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Bullseye with Jesse Thorn

Barney Frank & Mission of Burma

Barney Frank on Being In (and Out) of the Closet and What He Misses About Congress

The Honorable Barney Frank served as a House Representative for the state of Massachusetts for thirty-two years, from 1981 to 2013. He was the first congressman to come out as gay, and marry his same-sex partner while in office.

His legislative accomplishments included the Dodd-Frank Act, which brought about Wall Street reform and increased consumer protections. He was also influential in the passing of legislation regarding the environment, political reform and civil rights.

His memoir, Frank: A Life in Politics from the Great Society to Same-Sex Marriage, is available now.

Barney Frank joined Jesse to talk about his early career in politics and why he felt his career in public service was incompatible with his private life; what he liked most about being a congressman; and why he believes that people who love campaigning are either liars -- or psychopaths.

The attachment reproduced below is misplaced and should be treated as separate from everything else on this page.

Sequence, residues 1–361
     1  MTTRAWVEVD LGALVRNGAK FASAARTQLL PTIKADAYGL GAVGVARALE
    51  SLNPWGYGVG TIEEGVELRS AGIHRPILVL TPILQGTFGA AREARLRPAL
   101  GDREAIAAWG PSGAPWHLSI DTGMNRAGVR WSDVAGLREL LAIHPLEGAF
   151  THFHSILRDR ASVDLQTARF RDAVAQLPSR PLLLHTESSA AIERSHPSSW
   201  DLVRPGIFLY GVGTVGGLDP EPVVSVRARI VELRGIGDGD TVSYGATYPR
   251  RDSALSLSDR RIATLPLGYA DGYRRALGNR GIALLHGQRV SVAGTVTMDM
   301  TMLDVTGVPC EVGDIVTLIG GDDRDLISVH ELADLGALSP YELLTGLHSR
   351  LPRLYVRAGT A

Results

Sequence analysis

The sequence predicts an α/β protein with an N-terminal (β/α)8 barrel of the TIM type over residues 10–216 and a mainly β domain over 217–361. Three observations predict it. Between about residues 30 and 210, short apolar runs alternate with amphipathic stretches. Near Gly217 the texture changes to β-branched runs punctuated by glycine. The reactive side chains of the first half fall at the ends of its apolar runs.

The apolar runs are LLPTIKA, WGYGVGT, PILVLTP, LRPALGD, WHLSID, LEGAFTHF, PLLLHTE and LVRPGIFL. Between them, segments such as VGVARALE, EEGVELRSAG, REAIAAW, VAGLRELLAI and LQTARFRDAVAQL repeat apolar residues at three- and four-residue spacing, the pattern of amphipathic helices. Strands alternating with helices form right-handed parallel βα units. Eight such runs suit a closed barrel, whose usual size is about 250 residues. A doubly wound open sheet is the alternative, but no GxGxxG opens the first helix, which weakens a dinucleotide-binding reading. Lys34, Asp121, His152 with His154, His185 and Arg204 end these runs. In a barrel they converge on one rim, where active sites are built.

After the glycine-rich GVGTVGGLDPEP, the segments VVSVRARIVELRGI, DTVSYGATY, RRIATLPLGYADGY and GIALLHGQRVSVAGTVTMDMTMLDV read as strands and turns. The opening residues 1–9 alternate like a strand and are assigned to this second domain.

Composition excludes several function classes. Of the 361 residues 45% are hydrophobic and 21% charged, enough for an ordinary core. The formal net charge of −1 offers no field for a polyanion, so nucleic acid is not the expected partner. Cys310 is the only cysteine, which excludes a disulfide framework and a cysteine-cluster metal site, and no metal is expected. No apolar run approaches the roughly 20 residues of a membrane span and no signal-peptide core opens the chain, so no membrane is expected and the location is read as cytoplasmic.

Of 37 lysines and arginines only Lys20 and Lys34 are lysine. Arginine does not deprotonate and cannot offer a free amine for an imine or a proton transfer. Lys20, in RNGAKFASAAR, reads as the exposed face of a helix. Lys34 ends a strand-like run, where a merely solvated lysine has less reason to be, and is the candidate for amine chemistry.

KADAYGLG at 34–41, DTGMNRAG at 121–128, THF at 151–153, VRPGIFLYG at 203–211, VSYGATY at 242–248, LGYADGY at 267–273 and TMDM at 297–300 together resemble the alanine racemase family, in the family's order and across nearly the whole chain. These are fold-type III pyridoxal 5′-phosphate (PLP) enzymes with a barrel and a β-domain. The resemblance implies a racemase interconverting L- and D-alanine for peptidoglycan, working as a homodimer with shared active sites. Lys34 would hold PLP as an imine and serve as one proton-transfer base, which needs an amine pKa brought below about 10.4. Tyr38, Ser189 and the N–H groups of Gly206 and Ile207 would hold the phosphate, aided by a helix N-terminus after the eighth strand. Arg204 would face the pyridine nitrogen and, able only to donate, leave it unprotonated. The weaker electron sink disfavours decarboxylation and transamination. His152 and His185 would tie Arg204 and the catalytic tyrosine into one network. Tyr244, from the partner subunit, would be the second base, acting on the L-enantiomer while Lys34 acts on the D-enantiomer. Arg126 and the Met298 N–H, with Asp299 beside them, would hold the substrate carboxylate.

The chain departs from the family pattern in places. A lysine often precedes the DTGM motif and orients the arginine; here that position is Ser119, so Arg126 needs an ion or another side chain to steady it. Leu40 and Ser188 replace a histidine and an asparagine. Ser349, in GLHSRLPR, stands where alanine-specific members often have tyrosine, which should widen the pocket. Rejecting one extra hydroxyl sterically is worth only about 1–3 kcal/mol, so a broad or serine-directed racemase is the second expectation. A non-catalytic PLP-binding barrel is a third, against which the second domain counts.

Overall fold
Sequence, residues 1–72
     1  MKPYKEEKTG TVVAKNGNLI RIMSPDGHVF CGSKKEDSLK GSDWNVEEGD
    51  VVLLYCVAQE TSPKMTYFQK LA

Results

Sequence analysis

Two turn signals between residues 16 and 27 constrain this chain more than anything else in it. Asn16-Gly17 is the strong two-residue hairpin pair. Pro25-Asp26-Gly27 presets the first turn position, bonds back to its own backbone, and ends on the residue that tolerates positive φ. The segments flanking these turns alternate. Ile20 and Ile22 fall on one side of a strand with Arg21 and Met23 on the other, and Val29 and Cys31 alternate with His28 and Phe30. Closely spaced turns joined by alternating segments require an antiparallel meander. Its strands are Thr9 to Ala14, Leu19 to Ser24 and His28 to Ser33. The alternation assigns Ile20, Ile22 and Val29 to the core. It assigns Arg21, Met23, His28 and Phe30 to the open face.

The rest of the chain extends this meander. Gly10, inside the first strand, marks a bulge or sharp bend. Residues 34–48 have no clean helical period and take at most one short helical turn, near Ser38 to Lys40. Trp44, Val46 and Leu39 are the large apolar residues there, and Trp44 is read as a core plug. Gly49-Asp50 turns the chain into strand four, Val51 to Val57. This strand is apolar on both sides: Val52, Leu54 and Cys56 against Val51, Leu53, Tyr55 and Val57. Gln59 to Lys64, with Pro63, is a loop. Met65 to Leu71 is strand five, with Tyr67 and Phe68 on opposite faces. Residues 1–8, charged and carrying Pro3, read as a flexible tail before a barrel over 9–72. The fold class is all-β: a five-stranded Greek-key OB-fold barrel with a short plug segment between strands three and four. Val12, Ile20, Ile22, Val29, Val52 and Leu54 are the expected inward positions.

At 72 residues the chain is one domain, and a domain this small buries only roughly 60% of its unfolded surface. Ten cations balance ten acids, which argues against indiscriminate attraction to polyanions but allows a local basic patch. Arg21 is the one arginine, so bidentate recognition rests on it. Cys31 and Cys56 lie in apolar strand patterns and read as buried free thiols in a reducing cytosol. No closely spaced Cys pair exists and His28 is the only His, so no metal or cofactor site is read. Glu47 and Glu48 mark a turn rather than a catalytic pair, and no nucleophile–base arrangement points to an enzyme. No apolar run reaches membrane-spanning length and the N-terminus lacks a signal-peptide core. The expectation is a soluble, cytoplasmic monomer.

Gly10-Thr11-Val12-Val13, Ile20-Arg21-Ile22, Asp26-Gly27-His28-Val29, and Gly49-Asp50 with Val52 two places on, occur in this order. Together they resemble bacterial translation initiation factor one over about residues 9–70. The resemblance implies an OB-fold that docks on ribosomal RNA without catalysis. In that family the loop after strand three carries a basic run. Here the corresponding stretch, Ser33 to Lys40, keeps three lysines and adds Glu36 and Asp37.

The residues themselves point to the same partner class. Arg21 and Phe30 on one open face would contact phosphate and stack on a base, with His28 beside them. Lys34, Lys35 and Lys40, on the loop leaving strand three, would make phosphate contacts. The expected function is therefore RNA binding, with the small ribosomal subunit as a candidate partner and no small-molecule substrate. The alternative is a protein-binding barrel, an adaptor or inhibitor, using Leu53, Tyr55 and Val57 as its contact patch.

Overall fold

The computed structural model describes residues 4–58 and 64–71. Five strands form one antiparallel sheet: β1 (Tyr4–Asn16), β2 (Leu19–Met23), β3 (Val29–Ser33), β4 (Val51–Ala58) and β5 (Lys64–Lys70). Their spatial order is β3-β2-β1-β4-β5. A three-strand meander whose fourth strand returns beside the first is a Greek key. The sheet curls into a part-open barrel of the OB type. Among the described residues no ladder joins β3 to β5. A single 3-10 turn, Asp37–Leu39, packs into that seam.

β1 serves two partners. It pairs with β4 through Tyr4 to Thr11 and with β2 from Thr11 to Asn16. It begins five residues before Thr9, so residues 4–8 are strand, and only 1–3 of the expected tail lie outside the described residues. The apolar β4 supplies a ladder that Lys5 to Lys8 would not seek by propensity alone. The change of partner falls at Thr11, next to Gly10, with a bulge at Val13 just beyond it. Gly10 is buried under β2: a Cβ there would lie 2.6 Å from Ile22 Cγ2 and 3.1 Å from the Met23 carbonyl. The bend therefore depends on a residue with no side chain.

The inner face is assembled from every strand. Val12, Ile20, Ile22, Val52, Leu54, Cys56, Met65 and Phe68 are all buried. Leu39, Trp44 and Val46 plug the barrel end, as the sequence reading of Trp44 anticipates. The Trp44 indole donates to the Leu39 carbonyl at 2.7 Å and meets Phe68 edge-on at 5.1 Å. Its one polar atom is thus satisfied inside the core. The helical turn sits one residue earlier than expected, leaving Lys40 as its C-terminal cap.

Comedian Lamont Price on the Emotional Trauma of Breakfast Cereal

Lamont Price is one of Boston's top comics -- he's the winner of the New York Underground Comedy Festival and has been named as one of Comedy Central’s “Comics to Watch”.

He took the stage at our live show to to talk about coconuts, movies, and... breakfast cereal?

You can follow Lamont on Twitter @LPizzle.


Mission of Burma on Being Loud, Post-Punk, and Middle Age

Though the post-punk band Mission of Burma’s initial iteration was short-lived and resulted in only one full-length album, an EP and a few singles, their music influenced generations of musicians outside their home of Boston. Their appeal was still strong when they reformed in 2002 with band members Roger Miller, Peter Prescott and Clint Conley, adding new member Bob Weston.

Since then the band has continued to perform live and has released 4 albums including their most recent, entitled Unsound.

The band performed a live set for us, and sat down with Jesse to talk about reforming the band after almost two decades apart, why they don’t make an effort to be rock stars and the subtle difference between being "legendarily loud" and being "hard to take".

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